“George Floyd, say his name.” Over the last two weeks, thousands of protestors peacefully marched throughout major metropolitan areas in solidarity with black Americans to fight current injustice. Many instances similar to Floyd’s frequently go unnoticed, and history repeats itself amidst the new decade. Inspired by society’s increased activism, I compiled a list of eight powerful, perspective-shifting films that highlight systemic racism.
The Hate U Give
A teenager (Amandla Stenberg) lives a dual life, attending a predominantly white private high school while living in a poor, historically black community. After witnessing the unjust murder of her best friend (Algee Smith) by a white cop while driving home from a party one evening, she struggles with her identity. Traumatized by the incident and originally afraid to speak up amidst the event’s nationally televised coverage, a mentor (Issa Rae) encourages her to acknowledge the power of her voice. Brilliantly navigating the polarizing worlds of the police shooting, the NAACP Image Award winning film authentically captures racial inequality in modern society. The cast includes Regina Hall, Common, KJ Apa, Sabrina Carpenter, Russell Hornsby, and Anthony Mackie.
Inspired by Bryan Stevenson’s New York Times bestselling autobiography, Just Mercy highlights the civil rights lawyer’s early work in Alabama defending death row inmates wrongfully convicted of murder. Focusing on one of Stevenson’s (Michael B. Jordan) first cases in 1987 involving Walter McMillian (Jamie Foxx), a black man unjustly sentenced to death for killing a white teenage girl, the film powerfully reveals their arduous battle with Alabama’s racist law enforcement and corrupt judicial system. Currently available to stream for free on all digital platforms this entire month, Just Mercy is a timely story that educates viewers and sparks conversation regarding today’s political climate. The cast includes Brie Larson, Tim Blake Nelson, O’Shea Jackson Jr., Rob Morgan, Rafe Spall, and Karan Kendrick.
Queen & Slim
Slim (Daniel Kaluuya) and Queen (Jodie Turner-Smith) escape the police after their first date transforms into a self-defense shooting of a white cop. A politically dramatic turn of events following a minor traffic violation, Lena Waithe’s Queen & Slim centers around the protagonists’ on-the-run journey aided by Americans standing in solidarity with their bravery. Embodying a twenty-first century black Bonnie and Clyde, Slim and Queen’s actions symbolize a fresh take on justice amid police brutality.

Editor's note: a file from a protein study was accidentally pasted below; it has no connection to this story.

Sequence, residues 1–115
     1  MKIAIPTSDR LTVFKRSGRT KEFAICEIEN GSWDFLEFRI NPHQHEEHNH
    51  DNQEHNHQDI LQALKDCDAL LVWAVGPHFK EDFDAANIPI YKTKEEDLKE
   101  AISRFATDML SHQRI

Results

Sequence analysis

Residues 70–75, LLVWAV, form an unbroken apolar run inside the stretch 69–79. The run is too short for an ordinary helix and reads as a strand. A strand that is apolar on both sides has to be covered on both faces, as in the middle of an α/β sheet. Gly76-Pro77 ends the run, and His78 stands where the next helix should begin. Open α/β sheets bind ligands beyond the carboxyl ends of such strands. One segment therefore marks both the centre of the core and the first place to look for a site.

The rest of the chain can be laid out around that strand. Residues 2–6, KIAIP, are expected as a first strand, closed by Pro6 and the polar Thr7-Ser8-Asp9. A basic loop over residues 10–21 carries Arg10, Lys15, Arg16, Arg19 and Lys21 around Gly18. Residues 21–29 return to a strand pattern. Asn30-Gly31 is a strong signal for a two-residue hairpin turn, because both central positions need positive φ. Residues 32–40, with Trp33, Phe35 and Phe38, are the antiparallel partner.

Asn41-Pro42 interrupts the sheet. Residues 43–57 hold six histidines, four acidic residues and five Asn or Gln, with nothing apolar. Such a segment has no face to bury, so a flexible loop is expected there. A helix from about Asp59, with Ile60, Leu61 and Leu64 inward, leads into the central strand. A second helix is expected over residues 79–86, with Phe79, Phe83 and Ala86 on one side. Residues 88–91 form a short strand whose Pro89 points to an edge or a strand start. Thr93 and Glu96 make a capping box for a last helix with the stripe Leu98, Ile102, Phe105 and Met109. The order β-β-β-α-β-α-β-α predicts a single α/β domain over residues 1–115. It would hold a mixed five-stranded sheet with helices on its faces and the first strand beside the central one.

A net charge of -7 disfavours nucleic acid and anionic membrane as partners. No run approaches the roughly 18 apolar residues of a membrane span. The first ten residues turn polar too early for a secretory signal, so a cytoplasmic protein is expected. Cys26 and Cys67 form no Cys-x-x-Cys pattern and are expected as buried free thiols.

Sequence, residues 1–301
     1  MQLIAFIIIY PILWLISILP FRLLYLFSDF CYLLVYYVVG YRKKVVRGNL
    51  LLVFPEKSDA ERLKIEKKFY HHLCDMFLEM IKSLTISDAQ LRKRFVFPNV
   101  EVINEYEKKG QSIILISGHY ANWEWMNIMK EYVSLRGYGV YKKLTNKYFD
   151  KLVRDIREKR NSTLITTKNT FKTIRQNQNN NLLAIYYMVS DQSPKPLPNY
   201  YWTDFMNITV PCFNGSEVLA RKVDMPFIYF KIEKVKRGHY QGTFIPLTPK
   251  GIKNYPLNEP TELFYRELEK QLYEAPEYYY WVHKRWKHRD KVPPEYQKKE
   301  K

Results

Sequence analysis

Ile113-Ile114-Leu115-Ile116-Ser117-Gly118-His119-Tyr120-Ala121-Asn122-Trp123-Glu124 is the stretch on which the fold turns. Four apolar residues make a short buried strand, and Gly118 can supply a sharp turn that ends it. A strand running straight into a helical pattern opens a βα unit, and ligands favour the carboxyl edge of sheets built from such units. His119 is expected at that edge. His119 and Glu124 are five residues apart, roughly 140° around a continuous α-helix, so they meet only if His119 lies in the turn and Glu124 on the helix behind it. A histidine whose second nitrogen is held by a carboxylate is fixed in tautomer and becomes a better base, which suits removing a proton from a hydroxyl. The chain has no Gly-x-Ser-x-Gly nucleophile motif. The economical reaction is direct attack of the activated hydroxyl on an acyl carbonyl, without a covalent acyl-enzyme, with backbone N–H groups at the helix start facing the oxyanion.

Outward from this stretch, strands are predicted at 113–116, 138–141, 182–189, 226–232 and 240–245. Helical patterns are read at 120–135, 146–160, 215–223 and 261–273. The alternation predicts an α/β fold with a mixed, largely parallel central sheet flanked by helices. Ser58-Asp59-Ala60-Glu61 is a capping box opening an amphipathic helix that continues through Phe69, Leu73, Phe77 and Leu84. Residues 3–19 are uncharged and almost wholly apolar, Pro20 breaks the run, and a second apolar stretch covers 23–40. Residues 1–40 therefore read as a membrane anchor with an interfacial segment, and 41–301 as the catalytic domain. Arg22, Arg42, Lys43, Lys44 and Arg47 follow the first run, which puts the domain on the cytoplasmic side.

Based on a true story, Spike Lee’s Academy Award winning BlacKkKlansman follows the Colorado Springs Police Department’s first black detective, Ron Stallworth (John David Washington), and his Ku Klux Klan infiltrative investigation with Jewish colleague Flip Zimmerman (Adam Driver). An outrageously eye-opening crime/dramedy set in the 1970’s, the groundbreaking film straightforwardly reveals the notorious hate organization’s extreme racism in a satirical fashion. The cast includes Laura Harrier, Topher Grace, Ryan Eggold, Paul Walter Hauser, Corey Hawkins, Harry Belafonte, and Alec Baldwin.
If Beale Street Could Talk
The screen adaptation of James Baldwin’s 1974 same-titled novel, If Beale Street Could Talk is a cinematic masterpiece about love, trust, and pain. Revolving around a young woman (KiKi Layne) struggling to free her lover (Stephan James) of wrongfully convicted rape, the romantic drama stunningly portrays hope and grief alongside the couple’s budding relationship. With an Oscar-winning performance by Regina King and artistic representation of systemic racism, sexual harassment, teen pregnancy, and familial divides, If Beale Street Could Talk remains a must-see film.
Receiving the Academy Award for Best Original Screenplay in 2018, the psychological thriller communicates societal racism through an innovative, glass-shattering lens. An extremely dark take on the iconic Guess Who’s Coming to Dinner, Jordan Peele’s directorial debut hyperbolically emphasizes deeply-rooted racism among privileged suburbanites. Starring Daniel Kaluuya, Allison Williams, Lakeith Stanfield, Bradley Whitford, Catherine Keener, and Lil Rel Howery, Get Out addresses ‘black inferiority’ in a disturbing manner bound to keep viewers glued to their seats.
Sorry to Bother You
Exceptionally bizarre, yet surprisingly informative. Set in a dystopian Oakland, California, Sorry to Bother You provides an unparalleled look at corporate America’s inherent manipulation and mainstream discrimination. Closely analyzing the emotional psyche of salesmen while simultaneously monetizing individual citizens, the film’s chilling alternate reality challenges capitalist perspectives on race, class, and moral dilemmas. The cast includes Lakeith Stanfield, Tessa Thompson, Steven Yeun, Armie Hammer, Danny Glover, Omari Hardwick, Terry Crews, and Forest Whitaker.
A raw coming-of-age story following a poor, gay black man’s development in Miami, FL, the 2017 Academy Award Best Picture, Moonlight, highlights vulnerability through an underrepresented experience. Void of police brutality and interracial conflict, the three-part narrative centers around Chiron’s journey toward self-discovery. Raised by a crack-addicted single mother (Naomie Harris) and strong father figure (Mahershala Ali), Chiron censors his sexuality and actions out of pressure to maintain a tough facade. From high school bullying to domestic abuse, the beautifully-crafted drama profoundly connects with audiences nationwide. The cast includes Trevante Rhodes, Ashton Sanders, Alex R. Hibbert, Jharrel Jerome, André Holland, and Janelle Monáe.
Films that I plan on watching this month:
- American Son
- Do the Right Thing
- LA 92
- Monsters and Men